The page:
Craig Chapman’s story Insight from a Blacksmith was published in the 2022 Stories of Life anthology, Bones and Blue Eyes. His story won first prize in the Short category. Craig shared these photos and accompanying commentary to help us understand the process. Thanks Craig!
My blacksmith workshop is a purpose built structure located behind the shed in my backyard. It is designed to provide a suitable compromise of shelter from the elements and ventilation. It contains the necessary blacksmith equipment: the forge (to contain the fire and heat metal), blower, anvil, vice, hammers, tongs and other tools. The anvil is perhaps the most iconic tool associated with this craft and tends to occupy a prominent position in the workshop.
I operate in the “old school” way – using a solid fuel (coke) forge as opposed to a more modern gas alternative. Coke is essentially refined coal. Although there is a bit of an art to establishing the fire it provides a reliable source of intense heat.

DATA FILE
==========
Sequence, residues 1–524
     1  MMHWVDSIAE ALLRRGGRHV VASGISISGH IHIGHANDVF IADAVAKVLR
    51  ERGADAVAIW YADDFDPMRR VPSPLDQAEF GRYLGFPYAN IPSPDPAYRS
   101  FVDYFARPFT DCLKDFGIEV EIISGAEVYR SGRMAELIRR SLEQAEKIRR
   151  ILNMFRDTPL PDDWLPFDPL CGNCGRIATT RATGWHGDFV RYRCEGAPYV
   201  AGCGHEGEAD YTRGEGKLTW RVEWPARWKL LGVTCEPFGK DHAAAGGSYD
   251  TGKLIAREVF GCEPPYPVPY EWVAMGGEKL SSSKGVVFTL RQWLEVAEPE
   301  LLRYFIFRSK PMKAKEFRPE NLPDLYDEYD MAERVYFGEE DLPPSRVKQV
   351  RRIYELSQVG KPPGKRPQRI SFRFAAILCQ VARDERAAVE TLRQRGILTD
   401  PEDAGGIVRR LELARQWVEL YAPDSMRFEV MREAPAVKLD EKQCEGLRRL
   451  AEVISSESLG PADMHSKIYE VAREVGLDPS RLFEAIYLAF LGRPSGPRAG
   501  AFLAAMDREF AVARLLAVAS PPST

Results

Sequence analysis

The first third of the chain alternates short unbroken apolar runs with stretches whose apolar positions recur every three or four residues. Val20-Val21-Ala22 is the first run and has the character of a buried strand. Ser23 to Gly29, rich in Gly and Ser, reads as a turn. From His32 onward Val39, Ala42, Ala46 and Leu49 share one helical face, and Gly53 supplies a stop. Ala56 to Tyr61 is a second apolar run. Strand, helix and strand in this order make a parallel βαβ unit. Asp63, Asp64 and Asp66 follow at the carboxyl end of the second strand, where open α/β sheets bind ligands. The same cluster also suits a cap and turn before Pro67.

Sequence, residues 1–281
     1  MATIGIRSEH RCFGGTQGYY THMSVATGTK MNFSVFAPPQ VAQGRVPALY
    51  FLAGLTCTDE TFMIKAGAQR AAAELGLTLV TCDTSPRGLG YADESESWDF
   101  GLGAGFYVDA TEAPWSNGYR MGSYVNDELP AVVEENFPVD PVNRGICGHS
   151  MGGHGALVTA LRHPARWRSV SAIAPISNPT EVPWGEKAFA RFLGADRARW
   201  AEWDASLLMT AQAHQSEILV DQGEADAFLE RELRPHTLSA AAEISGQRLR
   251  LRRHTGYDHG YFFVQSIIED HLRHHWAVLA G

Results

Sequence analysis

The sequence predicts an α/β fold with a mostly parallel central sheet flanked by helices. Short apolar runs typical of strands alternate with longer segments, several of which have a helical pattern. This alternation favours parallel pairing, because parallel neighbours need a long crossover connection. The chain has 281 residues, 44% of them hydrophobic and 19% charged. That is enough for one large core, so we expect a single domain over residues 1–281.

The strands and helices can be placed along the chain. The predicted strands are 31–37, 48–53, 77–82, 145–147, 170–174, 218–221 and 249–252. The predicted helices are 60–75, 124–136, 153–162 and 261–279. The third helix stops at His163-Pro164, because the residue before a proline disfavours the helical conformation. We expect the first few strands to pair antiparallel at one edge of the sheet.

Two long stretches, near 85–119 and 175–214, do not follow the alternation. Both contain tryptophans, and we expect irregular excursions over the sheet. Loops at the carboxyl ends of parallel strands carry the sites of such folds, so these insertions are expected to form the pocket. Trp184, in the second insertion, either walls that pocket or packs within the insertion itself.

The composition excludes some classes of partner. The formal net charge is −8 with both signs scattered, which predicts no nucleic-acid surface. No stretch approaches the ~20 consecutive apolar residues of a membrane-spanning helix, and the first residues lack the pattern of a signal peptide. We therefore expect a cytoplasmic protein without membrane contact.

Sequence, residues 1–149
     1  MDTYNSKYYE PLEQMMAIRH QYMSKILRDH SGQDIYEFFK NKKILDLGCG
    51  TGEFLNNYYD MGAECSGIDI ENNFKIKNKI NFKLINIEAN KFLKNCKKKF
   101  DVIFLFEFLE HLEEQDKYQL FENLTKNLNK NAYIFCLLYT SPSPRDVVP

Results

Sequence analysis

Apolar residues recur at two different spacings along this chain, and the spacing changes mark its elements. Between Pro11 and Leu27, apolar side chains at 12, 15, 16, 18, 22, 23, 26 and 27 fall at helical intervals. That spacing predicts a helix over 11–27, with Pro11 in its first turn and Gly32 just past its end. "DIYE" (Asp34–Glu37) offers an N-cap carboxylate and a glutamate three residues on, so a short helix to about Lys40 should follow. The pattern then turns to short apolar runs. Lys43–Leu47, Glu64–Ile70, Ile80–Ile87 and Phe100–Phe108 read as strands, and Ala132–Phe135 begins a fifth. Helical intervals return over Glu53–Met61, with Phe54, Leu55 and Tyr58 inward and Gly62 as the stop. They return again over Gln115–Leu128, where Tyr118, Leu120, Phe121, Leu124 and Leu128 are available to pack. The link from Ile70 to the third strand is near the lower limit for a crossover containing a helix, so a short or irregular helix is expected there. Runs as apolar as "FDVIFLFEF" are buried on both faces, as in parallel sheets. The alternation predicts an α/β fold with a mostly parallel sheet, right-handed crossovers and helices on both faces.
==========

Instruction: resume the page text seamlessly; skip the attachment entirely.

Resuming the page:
I describe myself as an artistic blacksmith, mainly creating garden art, signs and other decorative items.
Apart from providing an enjoyable creative outlet, blacksmithing continually reminds me of the biblical metaphor of being refined by fire. Just as metal must be heated and worked repeatedly before the article is fully formed, so God uses our sometimes difficult circumstances to refine us. Going through the fire is a necessary part of this process. Blacksmithing therefore provides me with opportunities to mirror God’s creativity whilst cultivating a greater awareness of his purposes for my life.
Craig has had stories published in all our anthologies since we launched this annual writing-competition-cum-publication project. You can hear him read his past stories One of the Six and Andy. To read Craig’s latest story, Insight from a Blacksmith, get your copy of Bones and Blue Eyes from our online bookstore today.
Bones and Blue Eyes is the seventh anthology in the Stories of Life series, true stories of ordinary people experiencing a connection with the divine in the context of their ‘ordinary’ lives. They are electricians, accountants, butchers, mothers, preachers, children; people grieving, people rejoicing, people helping and being helped. In each story we see individuals believing, however shakily, in a God who cares and comes to them. The writers are honest about pain, doubt, poor choices, unjust circumstances, fear… This is not a collection of neat stories, perfect doctrine, and pasted smiles. On the contrary, many are unfinished stories of people who simply acknowledge that, along their way, the God of love meets them.